"Video killed the radio star," The Buggles sang in 1979, at the birth of MTV.
Three decades later, it appears that digital has killed a video star. The Video Americain store in Charles Village closed its doors March 12 after nearly 20 years in business. The original Video American store, in Keswick, will remain open.
Liz Donadio, the clerk manning the Charles Village location on its last morning, said the store's demise was due in large part to the advent of Netflix and movies downloaded or streamed on the Internet. That was stiff competition in an area near the Homewood campus of Johns Hopkins University.
"College students were the first to move to digital," Donadio said.
But Hopkins student Anthony Collins, a junior majoring in chemistry, sounded downright old-fashioned as he read the farewell sign on the front door and mourned the loss of the video store in the basement of the apartment building where he lives with several roommates at 3100 St. Paul St.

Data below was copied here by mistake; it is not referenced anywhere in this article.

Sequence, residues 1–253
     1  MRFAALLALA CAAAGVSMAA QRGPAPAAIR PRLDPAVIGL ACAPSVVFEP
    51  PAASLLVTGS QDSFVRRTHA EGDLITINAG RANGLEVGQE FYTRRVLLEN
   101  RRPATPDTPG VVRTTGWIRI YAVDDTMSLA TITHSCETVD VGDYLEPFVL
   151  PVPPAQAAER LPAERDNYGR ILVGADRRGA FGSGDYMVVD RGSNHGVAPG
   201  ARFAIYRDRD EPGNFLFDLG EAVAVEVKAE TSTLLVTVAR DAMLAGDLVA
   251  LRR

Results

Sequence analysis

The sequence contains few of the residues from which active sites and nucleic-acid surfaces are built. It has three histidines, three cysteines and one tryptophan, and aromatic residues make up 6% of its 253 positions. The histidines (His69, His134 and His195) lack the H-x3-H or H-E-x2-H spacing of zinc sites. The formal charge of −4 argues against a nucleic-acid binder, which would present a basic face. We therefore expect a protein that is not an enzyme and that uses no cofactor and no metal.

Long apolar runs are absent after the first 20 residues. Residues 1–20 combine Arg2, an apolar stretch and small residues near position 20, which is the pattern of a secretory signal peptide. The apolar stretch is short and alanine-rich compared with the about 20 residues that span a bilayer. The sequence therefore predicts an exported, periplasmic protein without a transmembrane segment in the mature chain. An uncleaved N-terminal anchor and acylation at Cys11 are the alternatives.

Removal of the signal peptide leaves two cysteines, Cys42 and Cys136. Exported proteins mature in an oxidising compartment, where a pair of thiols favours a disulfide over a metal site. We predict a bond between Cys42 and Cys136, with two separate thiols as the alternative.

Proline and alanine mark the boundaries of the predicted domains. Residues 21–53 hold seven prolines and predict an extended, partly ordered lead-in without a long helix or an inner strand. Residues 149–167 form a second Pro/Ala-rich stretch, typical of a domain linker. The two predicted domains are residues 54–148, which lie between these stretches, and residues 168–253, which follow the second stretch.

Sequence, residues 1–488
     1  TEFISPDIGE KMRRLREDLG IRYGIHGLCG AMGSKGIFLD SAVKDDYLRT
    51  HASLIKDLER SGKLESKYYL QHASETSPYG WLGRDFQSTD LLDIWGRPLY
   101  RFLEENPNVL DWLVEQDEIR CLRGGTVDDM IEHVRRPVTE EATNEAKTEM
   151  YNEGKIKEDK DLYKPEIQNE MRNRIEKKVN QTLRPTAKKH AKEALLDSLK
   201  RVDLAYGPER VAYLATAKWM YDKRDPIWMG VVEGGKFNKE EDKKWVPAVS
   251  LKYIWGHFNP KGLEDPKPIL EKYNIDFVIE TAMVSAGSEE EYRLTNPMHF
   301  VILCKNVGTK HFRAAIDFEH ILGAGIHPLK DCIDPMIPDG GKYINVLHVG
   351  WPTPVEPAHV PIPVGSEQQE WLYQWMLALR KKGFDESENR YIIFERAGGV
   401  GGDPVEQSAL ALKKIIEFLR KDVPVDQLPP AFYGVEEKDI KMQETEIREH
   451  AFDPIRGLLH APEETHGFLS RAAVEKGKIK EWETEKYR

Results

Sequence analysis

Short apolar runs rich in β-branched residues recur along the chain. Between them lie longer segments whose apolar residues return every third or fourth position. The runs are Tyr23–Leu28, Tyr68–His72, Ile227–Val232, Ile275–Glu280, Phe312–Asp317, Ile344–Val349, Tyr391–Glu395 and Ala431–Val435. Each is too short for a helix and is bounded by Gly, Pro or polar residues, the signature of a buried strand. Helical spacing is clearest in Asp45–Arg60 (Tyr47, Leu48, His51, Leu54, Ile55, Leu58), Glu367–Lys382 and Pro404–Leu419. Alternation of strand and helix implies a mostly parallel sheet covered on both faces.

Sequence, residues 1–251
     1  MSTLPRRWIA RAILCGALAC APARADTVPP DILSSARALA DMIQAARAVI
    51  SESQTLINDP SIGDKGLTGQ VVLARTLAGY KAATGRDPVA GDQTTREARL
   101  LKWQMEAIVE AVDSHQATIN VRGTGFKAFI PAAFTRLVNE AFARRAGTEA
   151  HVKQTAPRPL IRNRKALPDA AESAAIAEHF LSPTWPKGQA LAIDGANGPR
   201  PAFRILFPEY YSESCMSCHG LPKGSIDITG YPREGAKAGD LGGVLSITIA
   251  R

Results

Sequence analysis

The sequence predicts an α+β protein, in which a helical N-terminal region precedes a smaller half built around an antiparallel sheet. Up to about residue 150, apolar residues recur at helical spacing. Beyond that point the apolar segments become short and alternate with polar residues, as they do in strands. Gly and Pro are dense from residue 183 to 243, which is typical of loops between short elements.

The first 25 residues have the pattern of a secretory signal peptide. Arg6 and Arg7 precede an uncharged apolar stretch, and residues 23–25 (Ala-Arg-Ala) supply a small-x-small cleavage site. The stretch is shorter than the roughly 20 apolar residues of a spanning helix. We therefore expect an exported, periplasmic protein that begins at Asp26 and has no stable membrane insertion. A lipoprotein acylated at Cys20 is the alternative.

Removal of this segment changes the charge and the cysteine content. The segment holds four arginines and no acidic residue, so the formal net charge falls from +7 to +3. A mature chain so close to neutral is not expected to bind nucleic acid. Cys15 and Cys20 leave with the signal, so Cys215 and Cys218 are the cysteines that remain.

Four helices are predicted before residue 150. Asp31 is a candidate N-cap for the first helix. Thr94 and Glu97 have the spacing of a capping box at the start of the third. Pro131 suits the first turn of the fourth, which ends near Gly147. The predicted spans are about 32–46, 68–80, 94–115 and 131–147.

Collins said he and his roommates often rented movies from the store, watched them upstairs, returned them immediately and rented another.
"We can't do that any more," he said. "It's too bad. It's nobody's fault. We can't tell people to watch more movies."
Employees staged a candlelight vigil for Video American Monday night after it closed. It will reopen starting Friday from noon to 8 p.m. to sell off its inventory of 20,000 to 30,000 movies to the public — including obscure DVDs and out-of-print VHS tapes.
The store, located below street level, was literally and figuratively an underground video store.
Paul Burk, past president of the Abell Improvement Association, came in for the last time to return "Withnail and I," a 1987 comedy about two unemployed actors in 1969 London, who take a countryside holiday that turns out to be anything but.
"I love Video Americain," Burk said. "I like it because it's an unconventional video store. It's subterranean. If it was Blockbuster, I wouldn't be shedding a tear."Copyright © 2015, The Baltimore Sun